Life is busy – so we don’t take offence when people say they don’t want to spend more time in our studios that is necessary!
When it comes to working out around modern life – effectiveness is the name of the game. The more effective your workout, the more time you can spend focused on other areas.
With that in mind, we’ve put some information together that will help you understand the best ways to burn fat at the gym – and what’s actually going on when you’re working out.
The fat burning process in the human body
Fat loss occurs when we eat fewer calories than we require for our daily energy expenditure. On a physiological level, this looks like fat being released by special cells (known as adipose), after which this fat is then converted into energy to be used by the body (normally, glucose).
Storing fat is a necessity for us to survive; being too lean – or, as some fitness veterans might dubiously term, “shredded” – can be just as deleterious for one’s health as excess body mass. We need fat to regulate hormones, mood, and for general existence and function. However, excess fat can increase our risk for heart disease and cancers.
Further, some people think that the fat we eat is the same as the fat we store. This has resulted in many myths of the 80s, such as low-fat diets and demonising foods like nuts and seeds. In truth, fat is also one of the essential macronutrients needed for us to lead a healthy lifestyle – the other one being protein.
Can I burn fat in the gym?
Burning fat is very different to losing fat. We can instigate fat being released from their cells and thus converting it into energy, but this does not mean we will lose fat – or weight. In any case, exercise which you enjoy and can stick to will increase your chances of keeping the fat off.
Hiring a PT will boost your chances of this, as they’ll be able to design an exercise programme which you enjoy but which is also backed by the science.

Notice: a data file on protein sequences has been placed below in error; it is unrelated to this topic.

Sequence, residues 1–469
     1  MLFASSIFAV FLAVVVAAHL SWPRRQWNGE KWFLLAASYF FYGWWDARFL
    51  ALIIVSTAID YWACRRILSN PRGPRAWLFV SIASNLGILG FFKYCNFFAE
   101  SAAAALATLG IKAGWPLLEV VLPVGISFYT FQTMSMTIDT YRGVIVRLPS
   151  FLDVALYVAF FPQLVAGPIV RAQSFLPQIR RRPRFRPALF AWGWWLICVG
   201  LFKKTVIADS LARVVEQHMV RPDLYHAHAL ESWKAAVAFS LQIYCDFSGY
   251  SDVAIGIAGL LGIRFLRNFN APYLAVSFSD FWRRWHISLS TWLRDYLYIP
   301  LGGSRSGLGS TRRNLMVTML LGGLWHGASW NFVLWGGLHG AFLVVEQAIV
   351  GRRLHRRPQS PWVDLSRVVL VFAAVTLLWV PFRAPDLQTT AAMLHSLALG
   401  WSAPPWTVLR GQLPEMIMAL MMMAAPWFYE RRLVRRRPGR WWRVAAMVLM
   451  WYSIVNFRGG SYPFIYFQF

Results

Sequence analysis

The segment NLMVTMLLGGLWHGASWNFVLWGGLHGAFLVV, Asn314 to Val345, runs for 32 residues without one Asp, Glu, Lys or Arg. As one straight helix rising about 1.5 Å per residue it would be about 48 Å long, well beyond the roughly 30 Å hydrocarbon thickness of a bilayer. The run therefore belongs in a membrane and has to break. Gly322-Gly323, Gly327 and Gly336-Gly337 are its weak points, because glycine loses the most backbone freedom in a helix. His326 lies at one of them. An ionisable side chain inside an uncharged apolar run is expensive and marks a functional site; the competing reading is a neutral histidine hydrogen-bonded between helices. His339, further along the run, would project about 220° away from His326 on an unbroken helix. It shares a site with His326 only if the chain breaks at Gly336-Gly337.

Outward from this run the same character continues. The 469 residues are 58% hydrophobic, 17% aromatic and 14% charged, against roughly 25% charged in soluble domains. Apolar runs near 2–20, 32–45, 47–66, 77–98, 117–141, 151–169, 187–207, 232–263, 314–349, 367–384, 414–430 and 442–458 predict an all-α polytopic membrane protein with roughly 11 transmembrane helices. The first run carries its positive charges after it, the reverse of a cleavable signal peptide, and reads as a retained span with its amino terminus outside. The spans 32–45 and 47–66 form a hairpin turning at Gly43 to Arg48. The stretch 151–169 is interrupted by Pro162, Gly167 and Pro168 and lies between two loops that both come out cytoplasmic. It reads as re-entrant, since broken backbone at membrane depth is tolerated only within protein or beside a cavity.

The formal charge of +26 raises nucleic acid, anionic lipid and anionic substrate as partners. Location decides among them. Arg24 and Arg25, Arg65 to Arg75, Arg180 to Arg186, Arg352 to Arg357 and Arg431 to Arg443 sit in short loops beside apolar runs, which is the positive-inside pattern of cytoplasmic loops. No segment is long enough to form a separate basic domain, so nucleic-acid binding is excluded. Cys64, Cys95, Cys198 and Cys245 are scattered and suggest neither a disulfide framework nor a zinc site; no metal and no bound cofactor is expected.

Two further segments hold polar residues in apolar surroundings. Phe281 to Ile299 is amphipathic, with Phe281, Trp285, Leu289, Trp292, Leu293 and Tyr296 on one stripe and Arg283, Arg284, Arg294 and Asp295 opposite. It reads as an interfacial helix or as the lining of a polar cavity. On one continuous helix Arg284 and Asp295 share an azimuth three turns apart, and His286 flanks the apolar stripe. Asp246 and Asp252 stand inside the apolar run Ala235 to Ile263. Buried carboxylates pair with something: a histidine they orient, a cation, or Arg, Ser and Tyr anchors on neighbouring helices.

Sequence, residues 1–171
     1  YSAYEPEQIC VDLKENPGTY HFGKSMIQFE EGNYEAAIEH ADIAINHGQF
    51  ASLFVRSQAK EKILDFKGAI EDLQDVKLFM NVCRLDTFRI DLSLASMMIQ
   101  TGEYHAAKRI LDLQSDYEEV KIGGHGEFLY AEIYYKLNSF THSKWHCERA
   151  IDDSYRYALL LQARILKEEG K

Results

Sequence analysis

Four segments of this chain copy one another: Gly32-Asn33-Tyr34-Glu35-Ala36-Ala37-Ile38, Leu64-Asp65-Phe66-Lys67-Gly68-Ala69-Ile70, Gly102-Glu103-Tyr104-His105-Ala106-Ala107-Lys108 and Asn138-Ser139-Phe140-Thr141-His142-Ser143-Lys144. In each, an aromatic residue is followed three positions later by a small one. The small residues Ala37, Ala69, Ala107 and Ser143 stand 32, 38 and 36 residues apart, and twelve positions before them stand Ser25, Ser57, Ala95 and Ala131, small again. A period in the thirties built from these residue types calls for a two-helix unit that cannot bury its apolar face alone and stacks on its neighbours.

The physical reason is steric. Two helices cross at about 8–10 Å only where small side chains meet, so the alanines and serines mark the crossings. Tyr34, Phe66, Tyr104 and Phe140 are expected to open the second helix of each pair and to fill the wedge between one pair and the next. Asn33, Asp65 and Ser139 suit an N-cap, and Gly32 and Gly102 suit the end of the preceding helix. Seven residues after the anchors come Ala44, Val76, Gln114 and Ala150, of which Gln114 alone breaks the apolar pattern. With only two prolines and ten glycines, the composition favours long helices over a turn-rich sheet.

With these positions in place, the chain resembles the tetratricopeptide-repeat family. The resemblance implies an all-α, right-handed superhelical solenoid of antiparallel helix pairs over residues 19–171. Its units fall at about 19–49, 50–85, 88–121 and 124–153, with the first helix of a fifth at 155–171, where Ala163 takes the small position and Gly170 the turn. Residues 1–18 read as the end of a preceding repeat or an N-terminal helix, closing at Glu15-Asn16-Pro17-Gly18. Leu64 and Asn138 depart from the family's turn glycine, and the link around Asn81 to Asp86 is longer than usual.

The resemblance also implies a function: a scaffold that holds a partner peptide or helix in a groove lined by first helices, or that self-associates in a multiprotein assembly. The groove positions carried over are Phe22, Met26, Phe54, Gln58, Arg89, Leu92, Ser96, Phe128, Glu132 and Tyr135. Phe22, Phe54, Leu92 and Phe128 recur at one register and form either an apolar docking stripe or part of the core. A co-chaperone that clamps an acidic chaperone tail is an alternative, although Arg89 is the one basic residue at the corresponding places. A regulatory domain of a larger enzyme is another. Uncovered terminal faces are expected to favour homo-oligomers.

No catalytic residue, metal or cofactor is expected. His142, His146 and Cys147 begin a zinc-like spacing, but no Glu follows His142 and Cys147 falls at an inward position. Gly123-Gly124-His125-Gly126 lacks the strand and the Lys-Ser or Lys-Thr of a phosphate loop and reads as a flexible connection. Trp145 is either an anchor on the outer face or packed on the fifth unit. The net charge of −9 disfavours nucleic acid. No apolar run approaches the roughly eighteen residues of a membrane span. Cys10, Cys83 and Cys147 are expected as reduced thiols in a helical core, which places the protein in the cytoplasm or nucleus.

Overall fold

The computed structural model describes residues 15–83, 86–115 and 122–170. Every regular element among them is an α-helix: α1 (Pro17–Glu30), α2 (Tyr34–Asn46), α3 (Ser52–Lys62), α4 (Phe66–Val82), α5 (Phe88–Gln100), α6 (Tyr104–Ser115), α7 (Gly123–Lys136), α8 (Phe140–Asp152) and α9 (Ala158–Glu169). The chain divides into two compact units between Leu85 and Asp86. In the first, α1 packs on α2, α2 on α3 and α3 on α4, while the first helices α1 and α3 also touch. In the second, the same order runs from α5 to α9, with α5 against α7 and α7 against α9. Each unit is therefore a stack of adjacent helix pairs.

Can I burn fat with weights?
Weights are an excellent way of burning fat, especially if it’s a form of movement that you enjoy and can stick to. By lifting weights, you can improve your nutrition partitioning (the way your body manages the food you break down – where it’s transported to, etc.) and improve muscle mass and overall body composition.
There is some evidence that muscles release a chemical which is utilised in fat cells to release our stored fat slightly more quickly.
Building muscle does mean that potentially more calories are burnt at rest but the difference here is minimal. Individuals should utilise weights as a way of burning fat through its other psychological and physiological benefits.
What’s the most effective way to burn fat?
The most effective program to help you burn fat is the one you can stick to.
That means a PT would look at your current lifestyle, goals, and psychology to create the bespoke plan most suitable for future success.
It might look like doing two or three lifting sessions, with one cardio session for variety and health factors.
Additionally, guidance and coaching would be given for lifestyle and dietary choices made outside of the gym.
In terms of measuring success, scales are useful to a point – but the number can (unknowingly) be manipulated by many variables, such as hormonal changes and even sleep deprivation. So, it’s best to examine regular processes over a longer period: this might look like using a tape measure, or seeing how your old clothes fit.
If you’d like to hear more about the fat burning process and how we can help to maximise your results in the gym, get in touch with the team here at Fitness Lab!